Waveguide theory

- the basics of RF waveguide theory including TE waves, TM waves and TEM waves, etc. including waveguide propagation constant.

In order to be able to use waveguides to their best effect, it is necessary to have a basic understanding of waveguide theory, including propagation and the propagation constant. While waveguide theory can become particularly involved, it is not the aim here to delve too deeply into the waveguide theory mathematics.

Waveguide theory is based around electromagnetic wave theory because the waves propagating along waveguides are electromagnetic waves that have been constrained, typically within a hollow metal tube. The constraining boundaries of the metal tube prevent the electromagnetic wave from spreading out and thereby reducing in intensity according to the inverse square law. As a result, losses are very low.

Waveguide theory of propagation

According to waveguide theory there are a number of different types of electromagnetic wave that can propagate within the waveguide. These different types of waves correspond to the different elements within an electromagnetic wave.

  • TE waves:   Transverse electric waves, also sometimes called H waves, are characterised by the fact that the electric vector (E) is always perpendicular to the direction of propagation.
  • TM waves:   Transverse magnetic waves, also called E waves are characterised by the fact that the magnetic vector (H vector) is always perpendicular to the direction of propagation.
  • TEM waves:   The Transverse electromagnetic wave is cannot be propagated within a waveguide, but is included for completeness. It is the mode that is commonly used within coaxial and open wire feeders. The TEM wave is characterised by the fact that both the electric vector (E vector) and the magnetic vector (H vector) are perpendicular to the direction of propagation.

Text about waveguide theory often refers to the TE and TM waves with integers after them: TEm,n. The numerals M and N are always integers that can take on separate values from 0 or 1 to infinity. These indicate the wave modes within the waveguide.

Only a limited number of different m, n modes can be propagated along a waveguide dependent upon the waveguide dimensions and format.

For each mode there is a definite lower frequency limit. This is known as the cut-off frequency. Below this frequency no signals can propagate along the waveguide. As a result the waveguide can be seen as a high pass filter.

It is possible for many modes to propagate along a waveguide. The number of possible modes for a given size of waveguide increases with the frequency. It is also worth noting that there is only one possible mode, called the dominant mode for the lowest frequency that can be transmitted. It is the dominant mode in the waveguide that is normally used.

It should be remembered, that even though waveguide theory is expressed in terms of fields and waves, the wall of the waveguide conducts current. For many calculations it is assumed to be a perfect conductor. In reality this is not the case, and some losses are introduced as a result.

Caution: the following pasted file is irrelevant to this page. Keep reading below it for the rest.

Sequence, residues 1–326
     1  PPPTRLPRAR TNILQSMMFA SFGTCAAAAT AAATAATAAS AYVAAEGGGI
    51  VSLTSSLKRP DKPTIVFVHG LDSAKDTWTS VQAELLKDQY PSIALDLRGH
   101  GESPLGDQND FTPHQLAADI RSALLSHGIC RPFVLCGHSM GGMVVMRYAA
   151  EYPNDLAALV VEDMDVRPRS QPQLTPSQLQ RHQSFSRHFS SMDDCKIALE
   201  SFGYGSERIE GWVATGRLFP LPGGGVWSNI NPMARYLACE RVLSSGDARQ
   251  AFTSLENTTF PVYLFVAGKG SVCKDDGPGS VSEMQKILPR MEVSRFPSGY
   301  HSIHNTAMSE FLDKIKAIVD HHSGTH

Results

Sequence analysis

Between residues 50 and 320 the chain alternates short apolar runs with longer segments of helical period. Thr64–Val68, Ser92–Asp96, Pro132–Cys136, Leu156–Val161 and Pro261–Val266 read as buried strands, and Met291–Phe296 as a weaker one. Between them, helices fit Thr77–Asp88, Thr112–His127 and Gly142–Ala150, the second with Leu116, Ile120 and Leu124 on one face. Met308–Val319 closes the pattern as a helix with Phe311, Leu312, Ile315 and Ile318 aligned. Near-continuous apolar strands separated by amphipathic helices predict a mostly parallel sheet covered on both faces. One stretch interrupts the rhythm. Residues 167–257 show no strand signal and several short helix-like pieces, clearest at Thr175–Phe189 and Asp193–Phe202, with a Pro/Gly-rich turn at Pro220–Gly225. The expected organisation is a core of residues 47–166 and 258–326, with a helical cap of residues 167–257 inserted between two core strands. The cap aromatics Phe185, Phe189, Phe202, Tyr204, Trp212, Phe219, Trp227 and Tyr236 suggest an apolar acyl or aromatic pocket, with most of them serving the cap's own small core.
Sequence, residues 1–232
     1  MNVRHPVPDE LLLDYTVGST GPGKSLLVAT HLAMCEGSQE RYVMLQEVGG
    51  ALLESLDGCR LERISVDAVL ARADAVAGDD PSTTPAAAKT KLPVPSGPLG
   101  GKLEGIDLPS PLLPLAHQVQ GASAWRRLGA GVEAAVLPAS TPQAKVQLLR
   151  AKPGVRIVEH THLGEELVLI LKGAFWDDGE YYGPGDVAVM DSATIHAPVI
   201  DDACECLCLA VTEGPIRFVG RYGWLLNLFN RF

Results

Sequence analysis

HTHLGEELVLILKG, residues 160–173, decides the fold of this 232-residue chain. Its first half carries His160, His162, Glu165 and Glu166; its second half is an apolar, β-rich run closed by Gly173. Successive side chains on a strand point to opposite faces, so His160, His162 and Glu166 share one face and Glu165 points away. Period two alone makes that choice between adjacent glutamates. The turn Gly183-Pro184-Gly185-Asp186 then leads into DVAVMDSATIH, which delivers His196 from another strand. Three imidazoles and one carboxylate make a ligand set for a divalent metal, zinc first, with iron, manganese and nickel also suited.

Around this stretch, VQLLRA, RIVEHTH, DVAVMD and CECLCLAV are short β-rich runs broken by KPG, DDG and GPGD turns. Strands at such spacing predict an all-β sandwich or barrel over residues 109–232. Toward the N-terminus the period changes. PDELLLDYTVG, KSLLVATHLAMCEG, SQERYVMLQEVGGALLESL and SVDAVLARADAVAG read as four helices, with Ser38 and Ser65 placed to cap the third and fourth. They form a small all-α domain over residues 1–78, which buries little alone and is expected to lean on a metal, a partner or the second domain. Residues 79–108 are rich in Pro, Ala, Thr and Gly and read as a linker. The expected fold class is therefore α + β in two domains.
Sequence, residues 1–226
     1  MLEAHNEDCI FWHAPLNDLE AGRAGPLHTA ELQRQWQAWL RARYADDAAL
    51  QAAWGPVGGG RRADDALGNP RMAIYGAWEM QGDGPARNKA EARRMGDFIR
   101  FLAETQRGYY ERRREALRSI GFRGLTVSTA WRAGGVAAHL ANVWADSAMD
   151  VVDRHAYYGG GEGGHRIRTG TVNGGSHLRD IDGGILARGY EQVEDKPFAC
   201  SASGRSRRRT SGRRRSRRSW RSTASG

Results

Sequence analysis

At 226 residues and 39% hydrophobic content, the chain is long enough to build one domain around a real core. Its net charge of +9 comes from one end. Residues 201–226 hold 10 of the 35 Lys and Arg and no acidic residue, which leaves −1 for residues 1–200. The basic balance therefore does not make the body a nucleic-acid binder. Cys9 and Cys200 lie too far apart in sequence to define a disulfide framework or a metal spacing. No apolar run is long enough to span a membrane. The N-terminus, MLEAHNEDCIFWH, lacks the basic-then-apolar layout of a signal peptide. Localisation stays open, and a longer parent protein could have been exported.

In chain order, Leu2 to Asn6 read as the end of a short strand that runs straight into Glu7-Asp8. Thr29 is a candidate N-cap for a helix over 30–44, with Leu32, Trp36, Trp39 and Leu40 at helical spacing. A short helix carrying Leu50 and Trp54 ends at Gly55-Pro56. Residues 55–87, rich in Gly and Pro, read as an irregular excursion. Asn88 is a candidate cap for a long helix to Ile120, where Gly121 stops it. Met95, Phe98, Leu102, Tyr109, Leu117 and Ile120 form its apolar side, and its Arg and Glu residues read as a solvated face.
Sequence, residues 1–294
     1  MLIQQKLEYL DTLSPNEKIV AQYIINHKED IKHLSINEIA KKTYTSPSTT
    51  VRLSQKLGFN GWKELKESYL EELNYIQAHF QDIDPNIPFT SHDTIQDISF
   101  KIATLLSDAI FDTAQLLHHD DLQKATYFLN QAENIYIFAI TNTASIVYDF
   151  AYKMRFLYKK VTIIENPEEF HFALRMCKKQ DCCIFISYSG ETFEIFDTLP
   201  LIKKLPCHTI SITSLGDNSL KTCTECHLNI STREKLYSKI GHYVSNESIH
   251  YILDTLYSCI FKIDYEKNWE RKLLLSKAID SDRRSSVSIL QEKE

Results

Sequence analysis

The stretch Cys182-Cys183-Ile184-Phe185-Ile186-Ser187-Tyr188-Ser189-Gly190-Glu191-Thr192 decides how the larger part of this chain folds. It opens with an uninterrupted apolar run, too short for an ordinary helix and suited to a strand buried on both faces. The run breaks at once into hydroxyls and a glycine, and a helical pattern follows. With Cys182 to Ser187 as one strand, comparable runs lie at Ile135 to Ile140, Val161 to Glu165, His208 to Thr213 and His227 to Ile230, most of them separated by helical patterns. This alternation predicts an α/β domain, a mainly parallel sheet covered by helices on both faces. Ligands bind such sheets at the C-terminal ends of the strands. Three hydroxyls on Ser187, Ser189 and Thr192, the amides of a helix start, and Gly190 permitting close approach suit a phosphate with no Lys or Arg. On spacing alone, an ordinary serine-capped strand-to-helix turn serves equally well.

Rules of thumb

There are a number of rules of thumb and common points that may be used when dealing with waveguide theory.

  • For rectangular waveguides, the TE10 mode of propagation is the lowest mode that is supported.
  • For rectangular waveguides, the width, i.e. the widest internal dimension of the cross section, determines the lower cut-off frequency and is equal to 1/2 wavelength of the lower cut-off frequency.
  • For rectangular waveguides, the TE01 mode occurs when the height equals 1/2 wavelength of the cut-off frequency.
  • For rectangular waveguides, the TE20, occurs when the width equals one wavelength of the lower cut-off frequency.

Waveguide propagation constant

A quantity known as the propagation constant is denoted by the Greek letter gamma, γ. The waveguide propagation constant defines the phase and amplitude of each component of the wave as it propagates along the waveguide. The factor for each component of the wave can be expressed by:

exp[j ω t   -   γm,n z]

    z = direction of propagation
    ω = angular frequency, i.e. 2 π x frequency

It can be seen that if propagation constant, γm,n is real, the phase of each component is constant, and in this case the amplitude decreases exponentially as z increases. In this case no significant propagation takes place and the frequency used for the calculation is below the waveguide cut-off frequency.

It is actually found in this case that a small degree of propagation does occur, but as the levels of attenuation are very high, the signal only travels for a very small distance. As the results are very predictable, a short length of waveguide used below its cut-off frequency can be used as an attenuation with known attenuation.

The alternative case occurs when the propagation constant, γm,n is imaginary. Here it is found that the amplitude of each component remains constant, but the phase varies with the distance z. This means that propagation occurs within the waveguide.

The value of γm,n is contains purely imaginary when there is a totally lossless system. As in reality some loss always occurs, the propagation constant, γm,n will contain both real and imaginary parts, αm,n and βm,n respectively.

Accordingly it will be found that:

γm,n   =   αm,n   +   j βm,n

This waveguide theory and the waveguide equations are true for any waveguide regardless of whether they are rectangular or circular.

By Ian Poole

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